Women At Work: YWCA Links Trades Training to Contracting Experience
WHEELING — Jennifer Danielson keeps pictures of her favorite construction projects on her phone.
Flecked with white paint from the work of the day, she scrolls through images of a deck installed for Holy Family Childcare & Development Center with an expression of pride — and wonder.
Such a thing would not have been possible prior to her enrollment in a state-run Step Up For Women trades-training program the Wheeling YWCA hosted twice in 2018. Danielson had hammered in a nail now and then.
That was pretty much it.
“I wouldn’t have known how to install a sink or rewire a light,” she said. “I never had done anything like that before in my life.”
Her 12 weeks of training included basic electrical, plumbing and carpentry work plus an OSHA certification, according to Lori Jones, YWCA executive director.
The Y stepped in following the training to create Y Fix It, a handywoman service at least some of the participating women could effectively use as an apprenticeship of sorts.
Danielson, who is also working toward certification as a domestic violence advocate, is all in.
She works 20-24 hours each week with fellow handywoman Corah Gurley.
Longtime contractor Pat Dadrozny does the estimates, work assessments and paperwork associated with the jobs. The two women do just the actual labor for now, but Jones anticipates a day when the entire operation will be female run.
In addition to the photos, Danielson has a mental tally of their accomplishments to date.
“We built a room from studs to finish,” she said of a project in a woman’s basement. “We’ve done plumbing. We’ve changed lights into ceiling fans. We’ve put down floor.”
She noted the latter can be plain tough. One project involved scraping up multiple layers of tile and linoleum. The Y Fix It team wasn’t daunted.
“If we can’t do it, we will definitely figure it out.”
In early August, on the day of her interview, she’d been working at a safe house for domestic violence survivors in Wetzel County. The handywomen were repairing water damage – putting in drywall and flooring and painting.
That setting suggests a bit of a theme for Y Fix It’s customer base. Many clients are women – including the Sisters of St. Joseph.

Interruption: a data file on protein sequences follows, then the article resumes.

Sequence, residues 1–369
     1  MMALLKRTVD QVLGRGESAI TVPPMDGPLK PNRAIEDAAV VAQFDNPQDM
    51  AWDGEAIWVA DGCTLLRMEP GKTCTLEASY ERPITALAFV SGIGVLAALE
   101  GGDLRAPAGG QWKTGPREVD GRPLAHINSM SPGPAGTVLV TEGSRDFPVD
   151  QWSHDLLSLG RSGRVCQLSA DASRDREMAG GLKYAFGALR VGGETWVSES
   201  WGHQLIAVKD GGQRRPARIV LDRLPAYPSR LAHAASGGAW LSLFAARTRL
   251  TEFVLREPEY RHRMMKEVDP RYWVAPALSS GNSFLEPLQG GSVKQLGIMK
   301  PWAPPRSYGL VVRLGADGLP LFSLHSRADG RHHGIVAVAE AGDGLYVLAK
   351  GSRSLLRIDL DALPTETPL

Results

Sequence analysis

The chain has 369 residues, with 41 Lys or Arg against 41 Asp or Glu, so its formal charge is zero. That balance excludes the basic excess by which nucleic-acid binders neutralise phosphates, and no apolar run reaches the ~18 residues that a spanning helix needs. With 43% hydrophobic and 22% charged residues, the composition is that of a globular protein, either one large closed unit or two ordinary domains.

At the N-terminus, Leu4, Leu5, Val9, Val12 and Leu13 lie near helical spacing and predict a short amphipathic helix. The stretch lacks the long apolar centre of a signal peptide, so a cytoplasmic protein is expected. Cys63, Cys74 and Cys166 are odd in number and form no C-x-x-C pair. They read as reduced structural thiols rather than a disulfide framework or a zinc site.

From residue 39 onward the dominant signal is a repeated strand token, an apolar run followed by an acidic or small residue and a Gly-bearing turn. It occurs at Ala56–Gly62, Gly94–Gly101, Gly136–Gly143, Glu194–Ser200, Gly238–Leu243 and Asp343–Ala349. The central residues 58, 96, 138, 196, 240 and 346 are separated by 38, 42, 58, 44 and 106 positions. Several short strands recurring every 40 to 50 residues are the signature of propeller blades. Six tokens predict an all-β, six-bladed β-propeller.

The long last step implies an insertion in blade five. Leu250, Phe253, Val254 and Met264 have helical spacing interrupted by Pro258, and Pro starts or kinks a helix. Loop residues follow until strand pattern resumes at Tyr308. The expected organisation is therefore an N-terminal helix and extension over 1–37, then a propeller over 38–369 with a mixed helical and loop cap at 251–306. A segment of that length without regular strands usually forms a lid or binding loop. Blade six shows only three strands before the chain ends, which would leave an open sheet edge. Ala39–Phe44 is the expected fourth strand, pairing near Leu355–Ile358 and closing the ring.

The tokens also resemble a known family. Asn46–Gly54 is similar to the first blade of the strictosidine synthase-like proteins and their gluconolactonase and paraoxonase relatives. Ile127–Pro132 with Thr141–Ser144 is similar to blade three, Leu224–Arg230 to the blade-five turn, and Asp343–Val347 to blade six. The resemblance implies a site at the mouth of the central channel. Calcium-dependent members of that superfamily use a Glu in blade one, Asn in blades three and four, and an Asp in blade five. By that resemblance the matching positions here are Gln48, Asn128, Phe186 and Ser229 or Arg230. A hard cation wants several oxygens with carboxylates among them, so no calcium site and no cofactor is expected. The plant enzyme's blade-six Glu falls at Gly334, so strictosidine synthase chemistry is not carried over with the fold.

“Two girls are here to do the job,” Danielson said of customers’ reaction to their arrival at a work site. “I feel like they feel more comfortable.”
A LIVING WAGE
They’re not the only ones who are more comfortable, Danielson noted. Because of Y Fix It, she now makes a living wage. She can also take care of her own home and help friends do the same.
“It is empowering. I don’t need to call anyone,” she said. “My main breaker blew at the house and I was able to take care of it.”
That security is why she enrolled in the training program. “I was doing nothing,” she said. “I wanted a career versus these little jobs.”
Jones said that was the point for all of the participants, some of whom have since pursued further training and are being courted by trade unions at this point.
She said that kind of control over one’s work is particularly important for the YWCA’s clients, who are often in a precarious stage of life and have children in tow.
“When you are any age over the age of 20 and you’ve lost everything and you have to start over, it’s good not to have to wait tables and rely on people’s generosity,” Jones said of tapping into a market that has traditionally served men well.
As she’s watched this program unfold – particularly under the harsh economic conditions of COVID — Jones said she has realized more than ever what it means to a woman to have income security.
“I don’t ever doubt that I have enough money in my bank to go get gas or feed my family,” Jones said of her own life, noting that no one should have to face such worries over bare-bones needs.
Danielson hears what Jones is saying.
She’s not ready to rewire a whole house quite yet — Y Fix It doesn’t actually take on quite such a large of a job — but that day may come. She particularly enjoys electrical work and is considering the possibility of pursuing union certification at some point.
Jones smiles at such ambitions among her clients and employees. “Why shouldn’t women have these kinds of opportunities?”